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Zipping and unzipping of nanoscale carbon structures

By Julia Berashevich and Tapash Chakraborty


We demonstrate theoretically that hydrogenation and annealing applied to nanoscale carbon structures play a crucial role in determining the final shape of the system. In particular, graphene flakes characterized by the linear and non-hydrogenated zigzag or armchair edges have high propensity to merge into a bigger flake or a nanotube (the formation of a single carbon-carbon bond lowers the total energy of the system by up to 6.22 eV). Conversely, the line of the $sp^2$ carbon bonds (common for pure carbon structures such as graphene or a carbon nanotube) converted into the $sp^3$ type by hydrogenation shows an ability to disassemble the original structure by cutting it along the line of the modified bonds. These structural transformations provide us with an understanding of the behavior of mobile carbon structures in solution and a distinct scenario of how to preserve the original structure which would be a crucial issue for their application in carbon-based electronics.Comment: 7 pages, 6 figure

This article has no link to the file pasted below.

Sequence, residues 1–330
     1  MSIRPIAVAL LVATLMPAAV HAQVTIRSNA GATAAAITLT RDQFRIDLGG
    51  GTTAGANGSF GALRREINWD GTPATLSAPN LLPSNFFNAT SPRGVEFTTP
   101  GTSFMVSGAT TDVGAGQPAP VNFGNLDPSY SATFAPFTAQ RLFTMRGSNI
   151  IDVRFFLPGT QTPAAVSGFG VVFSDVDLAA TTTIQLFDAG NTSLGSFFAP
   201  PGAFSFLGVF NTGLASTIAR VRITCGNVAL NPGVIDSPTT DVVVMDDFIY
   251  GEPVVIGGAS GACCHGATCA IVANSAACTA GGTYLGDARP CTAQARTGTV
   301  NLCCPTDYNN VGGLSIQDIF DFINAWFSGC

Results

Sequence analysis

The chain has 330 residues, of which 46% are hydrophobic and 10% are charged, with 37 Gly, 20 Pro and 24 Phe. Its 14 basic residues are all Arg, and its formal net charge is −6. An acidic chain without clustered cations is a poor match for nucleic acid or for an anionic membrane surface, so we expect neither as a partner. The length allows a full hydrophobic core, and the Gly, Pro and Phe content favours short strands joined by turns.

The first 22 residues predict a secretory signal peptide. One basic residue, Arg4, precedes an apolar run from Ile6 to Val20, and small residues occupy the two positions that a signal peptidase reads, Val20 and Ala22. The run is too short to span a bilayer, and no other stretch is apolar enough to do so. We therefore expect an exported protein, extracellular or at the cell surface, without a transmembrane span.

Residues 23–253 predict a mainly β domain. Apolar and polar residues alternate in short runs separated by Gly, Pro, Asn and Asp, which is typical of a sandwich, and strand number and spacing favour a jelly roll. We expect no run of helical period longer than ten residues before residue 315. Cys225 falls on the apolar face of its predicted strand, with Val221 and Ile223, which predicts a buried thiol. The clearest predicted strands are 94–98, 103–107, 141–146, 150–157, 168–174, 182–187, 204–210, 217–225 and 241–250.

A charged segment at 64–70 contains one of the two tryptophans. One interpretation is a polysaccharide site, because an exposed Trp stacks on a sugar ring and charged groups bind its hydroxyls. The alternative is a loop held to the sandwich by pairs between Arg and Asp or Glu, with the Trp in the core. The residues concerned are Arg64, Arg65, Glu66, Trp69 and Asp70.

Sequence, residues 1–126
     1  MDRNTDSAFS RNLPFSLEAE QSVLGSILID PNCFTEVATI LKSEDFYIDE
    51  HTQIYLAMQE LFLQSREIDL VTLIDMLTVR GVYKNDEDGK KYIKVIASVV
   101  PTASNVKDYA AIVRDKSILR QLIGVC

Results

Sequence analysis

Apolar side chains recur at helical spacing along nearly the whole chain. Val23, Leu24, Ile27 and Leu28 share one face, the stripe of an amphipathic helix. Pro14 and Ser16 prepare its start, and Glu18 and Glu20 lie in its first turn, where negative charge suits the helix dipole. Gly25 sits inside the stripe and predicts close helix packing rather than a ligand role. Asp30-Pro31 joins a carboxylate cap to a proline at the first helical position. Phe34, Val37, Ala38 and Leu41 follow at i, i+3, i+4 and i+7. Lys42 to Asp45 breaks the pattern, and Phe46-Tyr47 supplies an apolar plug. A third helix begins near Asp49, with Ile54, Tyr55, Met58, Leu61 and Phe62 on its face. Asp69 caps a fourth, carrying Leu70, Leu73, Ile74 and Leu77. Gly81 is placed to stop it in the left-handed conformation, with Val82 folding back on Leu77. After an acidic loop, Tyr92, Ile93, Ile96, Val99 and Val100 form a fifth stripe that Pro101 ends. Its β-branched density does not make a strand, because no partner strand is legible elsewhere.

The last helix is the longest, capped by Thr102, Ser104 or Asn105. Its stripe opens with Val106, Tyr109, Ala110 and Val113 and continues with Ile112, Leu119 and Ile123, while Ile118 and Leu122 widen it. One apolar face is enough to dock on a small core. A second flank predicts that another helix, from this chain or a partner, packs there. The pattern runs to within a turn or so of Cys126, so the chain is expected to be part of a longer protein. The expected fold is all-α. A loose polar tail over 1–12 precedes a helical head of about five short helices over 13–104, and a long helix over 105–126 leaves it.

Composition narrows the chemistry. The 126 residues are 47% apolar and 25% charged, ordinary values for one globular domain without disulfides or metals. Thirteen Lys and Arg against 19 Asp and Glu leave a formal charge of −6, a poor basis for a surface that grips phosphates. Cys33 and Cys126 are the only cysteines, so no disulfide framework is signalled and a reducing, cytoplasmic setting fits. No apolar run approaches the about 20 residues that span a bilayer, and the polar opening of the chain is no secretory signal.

Topics: Condensed Matter - Materials Science
Year: 2011
DOI identifier: 10.1103/PhysRevB.83.195442
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